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Endosphere microbiome comparison between symptomatic and asymptomatic roots of Brassica napus infected with Plasmodiophora brassicae

  • Ying Zhao,

    Roles Formal analysis, Investigation, Writing – original draft

    Affiliations State Key Laboratory of Agricultural Microbiology, Huazhong Agricultural University, Wuhan, Hubei Province, P-R China, The Provincial Key Lab of Plant Pathology of Hubei Province, College of Plant Science and Technology, Huazhong Agricultural University, Wuhan, Hubei Province, P-R China

  • Zhixiao Gao,

    Roles Investigation

    Affiliations State Key Laboratory of Agricultural Microbiology, Huazhong Agricultural University, Wuhan, Hubei Province, P-R China, The Provincial Key Lab of Plant Pathology of Hubei Province, College of Plant Science and Technology, Huazhong Agricultural University, Wuhan, Hubei Province, P-R China

  • Binnian Tian,

    Roles Investigation

    Affiliations State Key Laboratory of Agricultural Microbiology, Huazhong Agricultural University, Wuhan, Hubei Province, P-R China, The Provincial Key Lab of Plant Pathology of Hubei Province, College of Plant Science and Technology, Huazhong Agricultural University, Wuhan, Hubei Province, P-R China

  • Kai Bi,

    Roles Investigation

    Affiliations State Key Laboratory of Agricultural Microbiology, Huazhong Agricultural University, Wuhan, Hubei Province, P-R China, The Provincial Key Lab of Plant Pathology of Hubei Province, College of Plant Science and Technology, Huazhong Agricultural University, Wuhan, Hubei Province, P-R China

  • Tao Chen,

    Roles Investigation

    Affiliation The Provincial Key Lab of Plant Pathology of Hubei Province, College of Plant Science and Technology, Huazhong Agricultural University, Wuhan, Hubei Province, P-R China

  • Huiquan Liu,

    Roles Formal analysis

    Affiliation State Key Laboratory of Crop Stress Biology for Arid Areas, College of Plant Protection, Northwest Agriculture and Forestry University, Yangling, Shanxi, P-R China

  • Jiatao Xie,

    Roles Resources

    Affiliations State Key Laboratory of Agricultural Microbiology, Huazhong Agricultural University, Wuhan, Hubei Province, P-R China, The Provincial Key Lab of Plant Pathology of Hubei Province, College of Plant Science and Technology, Huazhong Agricultural University, Wuhan, Hubei Province, P-R China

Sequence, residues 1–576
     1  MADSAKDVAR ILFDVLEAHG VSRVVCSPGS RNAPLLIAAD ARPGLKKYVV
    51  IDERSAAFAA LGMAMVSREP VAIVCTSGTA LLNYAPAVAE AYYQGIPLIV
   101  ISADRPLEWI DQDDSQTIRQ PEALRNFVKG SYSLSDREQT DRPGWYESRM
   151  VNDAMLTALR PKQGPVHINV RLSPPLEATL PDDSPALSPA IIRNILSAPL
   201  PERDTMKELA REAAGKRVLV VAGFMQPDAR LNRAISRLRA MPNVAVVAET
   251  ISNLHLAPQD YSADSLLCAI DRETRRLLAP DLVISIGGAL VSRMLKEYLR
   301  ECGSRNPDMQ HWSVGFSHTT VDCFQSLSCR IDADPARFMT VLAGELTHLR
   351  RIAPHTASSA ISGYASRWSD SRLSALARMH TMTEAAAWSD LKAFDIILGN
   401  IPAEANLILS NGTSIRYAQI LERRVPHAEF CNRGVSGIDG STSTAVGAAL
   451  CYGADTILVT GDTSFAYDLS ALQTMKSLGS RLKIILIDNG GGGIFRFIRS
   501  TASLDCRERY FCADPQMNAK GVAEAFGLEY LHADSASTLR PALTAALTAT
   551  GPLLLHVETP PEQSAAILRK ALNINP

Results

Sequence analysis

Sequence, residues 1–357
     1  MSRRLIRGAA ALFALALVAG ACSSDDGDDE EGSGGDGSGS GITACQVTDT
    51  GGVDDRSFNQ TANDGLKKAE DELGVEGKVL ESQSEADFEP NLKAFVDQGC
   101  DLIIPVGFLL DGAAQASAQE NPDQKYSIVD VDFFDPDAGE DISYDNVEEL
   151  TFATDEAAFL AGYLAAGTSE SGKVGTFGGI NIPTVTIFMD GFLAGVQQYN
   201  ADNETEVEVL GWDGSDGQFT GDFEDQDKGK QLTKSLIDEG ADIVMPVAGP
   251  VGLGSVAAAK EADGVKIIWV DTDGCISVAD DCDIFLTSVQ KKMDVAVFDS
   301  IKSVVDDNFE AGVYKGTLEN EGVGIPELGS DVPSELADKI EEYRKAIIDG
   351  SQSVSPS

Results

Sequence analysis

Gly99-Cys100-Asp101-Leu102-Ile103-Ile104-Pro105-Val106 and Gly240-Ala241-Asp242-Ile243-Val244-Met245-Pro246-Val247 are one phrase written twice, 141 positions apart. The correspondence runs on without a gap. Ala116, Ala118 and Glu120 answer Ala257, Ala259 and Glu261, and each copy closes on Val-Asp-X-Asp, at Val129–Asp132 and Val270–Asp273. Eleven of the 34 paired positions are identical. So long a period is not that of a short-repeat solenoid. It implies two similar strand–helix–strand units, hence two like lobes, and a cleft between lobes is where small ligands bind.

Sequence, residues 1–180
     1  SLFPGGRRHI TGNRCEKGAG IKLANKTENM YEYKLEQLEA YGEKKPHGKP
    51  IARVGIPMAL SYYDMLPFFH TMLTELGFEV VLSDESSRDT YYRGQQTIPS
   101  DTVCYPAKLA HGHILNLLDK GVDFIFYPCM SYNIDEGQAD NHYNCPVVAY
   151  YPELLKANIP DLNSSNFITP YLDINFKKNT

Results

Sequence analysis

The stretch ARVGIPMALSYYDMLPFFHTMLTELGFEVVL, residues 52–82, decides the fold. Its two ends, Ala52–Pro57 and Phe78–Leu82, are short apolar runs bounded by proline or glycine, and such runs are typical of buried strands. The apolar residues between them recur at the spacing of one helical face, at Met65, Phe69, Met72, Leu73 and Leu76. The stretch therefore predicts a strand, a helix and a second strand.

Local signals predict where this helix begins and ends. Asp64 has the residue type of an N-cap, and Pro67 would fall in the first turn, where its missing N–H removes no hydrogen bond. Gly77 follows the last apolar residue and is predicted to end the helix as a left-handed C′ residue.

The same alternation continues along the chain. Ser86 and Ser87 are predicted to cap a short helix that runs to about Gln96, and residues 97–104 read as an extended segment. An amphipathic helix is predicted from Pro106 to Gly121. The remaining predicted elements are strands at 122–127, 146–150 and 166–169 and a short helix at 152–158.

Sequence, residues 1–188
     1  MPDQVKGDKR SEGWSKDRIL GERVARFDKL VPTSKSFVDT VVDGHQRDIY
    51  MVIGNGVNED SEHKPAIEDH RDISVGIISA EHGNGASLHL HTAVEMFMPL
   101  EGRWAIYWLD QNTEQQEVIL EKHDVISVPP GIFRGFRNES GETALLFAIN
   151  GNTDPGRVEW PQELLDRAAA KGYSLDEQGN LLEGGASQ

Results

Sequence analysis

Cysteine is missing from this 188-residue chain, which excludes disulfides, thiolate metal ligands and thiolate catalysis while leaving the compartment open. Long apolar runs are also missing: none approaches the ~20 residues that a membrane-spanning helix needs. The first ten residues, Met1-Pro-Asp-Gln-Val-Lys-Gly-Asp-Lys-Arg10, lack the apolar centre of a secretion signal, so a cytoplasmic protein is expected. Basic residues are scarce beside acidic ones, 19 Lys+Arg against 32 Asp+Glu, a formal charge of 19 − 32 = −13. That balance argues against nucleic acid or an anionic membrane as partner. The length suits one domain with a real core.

• Jiasen Cheng,

    Roles Resources

    Affiliations State Key Laboratory of Agricultural Microbiology, Huazhong Agricultural University, Wuhan, Hubei Province, P-R China, The Provincial Key Lab of Plant Pathology of Hubei Province, College of Plant Science and Technology, Huazhong Agricultural University, Wuhan, Hubei Province, P-R China

  • Yanping Fu,

    Roles Methodology, Resources, Writing – original draft, Writing – review & editing

    Affiliation The Provincial Key Lab of Plant Pathology of Hubei Province, College of Plant Science and Technology, Huazhong Agricultural University, Wuhan, Hubei Province, P-R China

  • Daohong Jiang

    Roles Project administration, Supervision, Writing – review & editing

    daohongjiang@mail.hzau.edu.cn

    Affiliations State Key Laboratory of Agricultural Microbiology, Huazhong Agricultural University, Wuhan, Hubei Province, P-R China, The Provincial Key Lab of Plant Pathology of Hubei Province, College of Plant Science and Technology, Huazhong Agricultural University, Wuhan, Hubei Province, P-R China

Endosphere microbiome comparison between symptomatic and asymptomatic roots of Brassica napus infected with Plasmodiophora brassicae

  • Ying Zhao, 
  • Zhixiao Gao, 
  • Binnian Tian, 
  • Kai Bi, 
  • Tao Chen, 
  • Huiquan Liu, 
  • Jiatao Xie, 
  • Jiasen Cheng, 
  • Yanping Fu, 
  • Daohong Jiang
PLOS
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Abstract